Although releases of cold water from the bottom of Dillon Reservoir helped turn the Blue River into a Gold Medal fishery, low flows—particularly during drought—were slowly degrading the resource.

To mobilize a restoration effort, Trout Unlimited, the town of Silverthorne, Denver Water and many other agencies worked together to raise money and resources. Andy Gentry, president of the Gore Range Chapter of Trout Unlimited, was instrumental in building momentum for the project. “It was a broad-based community effort,” he explains.

“Everyone recognized the importance of the river and pitched in, from all the governmental agencies to non-profit organizations and private business. That’s what made it such a success.”

Collectively the community raised over $90,000 to match a $94,750 grant from the National Forest Foundation. The town of Silverthorne organized the various partners and developed a restoration plan. Denver Water provided additional funding and access to key portions of the river for the restoration work.

Large boulders were used to vary the depth and sinuosity of the new channel. The old wide riverbed was then left as floodplain, where high flows can spread out, dissipating energy and watering the newly planted riparian vegetation.

According to Troy Thompson of Ecological Resource Consultants, Inc., who led the design and construction of the Blue River project, “As more and more people look at doing projects like these they are realizing the importance of planning and building for winter habitat.” He adds that many high country streams are challenged to maintain ecological balance because “the reduced flow of today is struggling within a channel made by the much larger flows of the past.”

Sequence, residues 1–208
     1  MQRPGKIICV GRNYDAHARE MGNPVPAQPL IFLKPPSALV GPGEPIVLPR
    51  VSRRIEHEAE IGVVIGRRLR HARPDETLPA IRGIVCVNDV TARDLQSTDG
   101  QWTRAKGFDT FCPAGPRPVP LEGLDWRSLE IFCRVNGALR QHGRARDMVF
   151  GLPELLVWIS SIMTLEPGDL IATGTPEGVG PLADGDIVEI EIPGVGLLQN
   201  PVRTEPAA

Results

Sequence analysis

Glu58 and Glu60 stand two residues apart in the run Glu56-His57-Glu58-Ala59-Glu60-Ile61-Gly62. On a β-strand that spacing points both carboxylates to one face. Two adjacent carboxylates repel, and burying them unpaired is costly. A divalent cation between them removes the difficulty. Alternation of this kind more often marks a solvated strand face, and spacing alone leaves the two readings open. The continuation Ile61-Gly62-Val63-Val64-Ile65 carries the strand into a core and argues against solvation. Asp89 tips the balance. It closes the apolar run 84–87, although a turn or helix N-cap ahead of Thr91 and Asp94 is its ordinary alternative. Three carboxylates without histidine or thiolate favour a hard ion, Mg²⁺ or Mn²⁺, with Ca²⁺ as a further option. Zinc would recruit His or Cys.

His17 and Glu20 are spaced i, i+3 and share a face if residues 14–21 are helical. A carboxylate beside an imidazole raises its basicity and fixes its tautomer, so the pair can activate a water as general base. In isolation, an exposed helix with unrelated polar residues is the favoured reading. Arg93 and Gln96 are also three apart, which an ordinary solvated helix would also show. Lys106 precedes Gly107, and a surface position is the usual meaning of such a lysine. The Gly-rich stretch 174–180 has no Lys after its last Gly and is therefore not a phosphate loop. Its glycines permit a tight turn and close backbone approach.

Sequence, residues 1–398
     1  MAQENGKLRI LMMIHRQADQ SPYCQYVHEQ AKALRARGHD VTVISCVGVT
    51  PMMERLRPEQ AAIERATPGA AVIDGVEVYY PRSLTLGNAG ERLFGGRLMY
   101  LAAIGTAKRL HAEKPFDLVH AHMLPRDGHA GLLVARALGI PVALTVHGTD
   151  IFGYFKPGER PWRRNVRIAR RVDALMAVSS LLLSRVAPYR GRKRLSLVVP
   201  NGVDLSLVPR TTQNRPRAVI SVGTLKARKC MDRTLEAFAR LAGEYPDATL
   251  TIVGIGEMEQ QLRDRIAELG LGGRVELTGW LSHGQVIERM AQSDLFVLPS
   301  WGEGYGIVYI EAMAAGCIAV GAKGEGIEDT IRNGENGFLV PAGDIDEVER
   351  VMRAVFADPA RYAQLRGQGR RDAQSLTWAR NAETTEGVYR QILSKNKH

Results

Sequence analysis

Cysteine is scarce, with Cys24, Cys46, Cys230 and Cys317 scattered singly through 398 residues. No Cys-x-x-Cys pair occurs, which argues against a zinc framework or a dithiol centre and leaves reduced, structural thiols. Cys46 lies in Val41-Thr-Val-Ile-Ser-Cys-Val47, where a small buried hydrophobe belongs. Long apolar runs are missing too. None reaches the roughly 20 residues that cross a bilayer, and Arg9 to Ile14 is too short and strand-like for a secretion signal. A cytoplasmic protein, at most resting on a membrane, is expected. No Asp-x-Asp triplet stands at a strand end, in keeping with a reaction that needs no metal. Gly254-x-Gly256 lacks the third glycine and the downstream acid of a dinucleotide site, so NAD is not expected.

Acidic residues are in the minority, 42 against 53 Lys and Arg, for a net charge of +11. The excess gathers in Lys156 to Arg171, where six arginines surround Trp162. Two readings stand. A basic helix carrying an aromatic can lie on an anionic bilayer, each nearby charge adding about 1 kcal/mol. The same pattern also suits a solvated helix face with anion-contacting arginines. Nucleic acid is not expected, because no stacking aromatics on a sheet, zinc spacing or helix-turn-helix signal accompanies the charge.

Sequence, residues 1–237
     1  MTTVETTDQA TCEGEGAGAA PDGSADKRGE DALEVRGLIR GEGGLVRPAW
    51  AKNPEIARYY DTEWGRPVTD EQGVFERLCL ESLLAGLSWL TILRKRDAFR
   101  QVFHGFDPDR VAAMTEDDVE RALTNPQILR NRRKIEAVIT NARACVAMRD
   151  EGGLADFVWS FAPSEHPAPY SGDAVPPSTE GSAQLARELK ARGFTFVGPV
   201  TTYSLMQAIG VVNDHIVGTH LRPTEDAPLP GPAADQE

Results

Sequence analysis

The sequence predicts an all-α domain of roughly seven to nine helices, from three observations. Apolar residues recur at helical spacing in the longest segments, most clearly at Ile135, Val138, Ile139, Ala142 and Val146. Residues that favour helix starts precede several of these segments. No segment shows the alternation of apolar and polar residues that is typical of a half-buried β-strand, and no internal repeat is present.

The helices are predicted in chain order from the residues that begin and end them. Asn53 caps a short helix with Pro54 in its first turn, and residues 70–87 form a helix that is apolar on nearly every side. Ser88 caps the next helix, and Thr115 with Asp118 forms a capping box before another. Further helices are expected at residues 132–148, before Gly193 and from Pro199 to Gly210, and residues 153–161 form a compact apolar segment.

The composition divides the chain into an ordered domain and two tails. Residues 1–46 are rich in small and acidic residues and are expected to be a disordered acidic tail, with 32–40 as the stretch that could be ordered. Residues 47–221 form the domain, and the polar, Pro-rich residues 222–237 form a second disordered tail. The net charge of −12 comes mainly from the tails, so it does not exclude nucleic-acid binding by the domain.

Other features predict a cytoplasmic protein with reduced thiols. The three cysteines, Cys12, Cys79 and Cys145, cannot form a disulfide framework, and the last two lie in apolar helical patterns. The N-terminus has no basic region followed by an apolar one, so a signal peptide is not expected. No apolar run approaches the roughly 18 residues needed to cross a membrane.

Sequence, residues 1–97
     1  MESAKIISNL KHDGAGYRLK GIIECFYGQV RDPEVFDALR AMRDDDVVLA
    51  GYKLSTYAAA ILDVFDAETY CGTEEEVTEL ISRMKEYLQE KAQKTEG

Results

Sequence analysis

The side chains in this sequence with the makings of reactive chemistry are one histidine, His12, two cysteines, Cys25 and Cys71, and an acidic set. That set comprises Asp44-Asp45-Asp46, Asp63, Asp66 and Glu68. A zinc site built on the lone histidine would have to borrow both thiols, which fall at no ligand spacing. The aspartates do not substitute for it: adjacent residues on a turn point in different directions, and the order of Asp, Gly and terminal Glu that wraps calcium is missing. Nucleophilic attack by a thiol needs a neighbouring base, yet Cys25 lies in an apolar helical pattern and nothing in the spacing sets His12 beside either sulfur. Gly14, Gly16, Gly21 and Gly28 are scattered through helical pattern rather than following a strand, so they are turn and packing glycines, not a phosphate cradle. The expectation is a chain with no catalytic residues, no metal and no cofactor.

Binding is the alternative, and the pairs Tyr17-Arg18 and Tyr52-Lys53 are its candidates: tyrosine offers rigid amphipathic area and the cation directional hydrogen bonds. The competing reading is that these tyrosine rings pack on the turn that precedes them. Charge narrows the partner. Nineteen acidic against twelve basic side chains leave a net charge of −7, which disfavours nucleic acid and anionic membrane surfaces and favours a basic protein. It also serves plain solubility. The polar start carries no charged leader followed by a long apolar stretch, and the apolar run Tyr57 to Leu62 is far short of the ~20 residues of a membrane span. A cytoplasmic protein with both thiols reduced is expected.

Winter fishing had always been pretty good on the Blue River below the dam, but the restoration work “definitely improved the fishery,” according to Barry Kirkpatrick of Cutthroat Anglers in Silverthorne.

Despite common misperceptions about barren winter streams, fishing is a year-round activity in Colorado and rivers like the Blue River below Dillon Reservoir are often open throughout the winter. And despite the cold temperatures, many high-country fly fishing shops and guides remain busy throughout the winter.

Bill Perry of Fly Fishing Outfitters in Avon opened his shop 10 years ago as a year-round fly fishing store, one of the first in Colorado to do so. “Lots of people who come out to ski are surprised to find out that Colorado has year-round fishing,” says Perry, who adds that he has guides on the river with clients every day of the year. “Maybe they can’t go skiing, so they go fishing. Besides, there aren’t many other fishermen out so it’s a great time to go.”

Helping the rivers and the fish during the lean winter months also helps Colorado’s economy. Fishing alone was worth $1.6 billion dollars annually and employed over 15,000 people in Colorado in 2001, according to a study by the American Sportfishing Association.

Low flow conditions, whether caused by drought, diversion or both, are now fairly common in the headwater rivers and streams of Colorado. At the same time, the value of our rivers for fishing and recreation is increasing. River rehabilitation projects like those on the Blue River are working to meet not only the changing ecological needs of these unique streams, but also the changing social and economic demands of the communities they support.

Editor’s Note: Ken Neubecker is the west slope organizer for Colorado Trout Unlimited.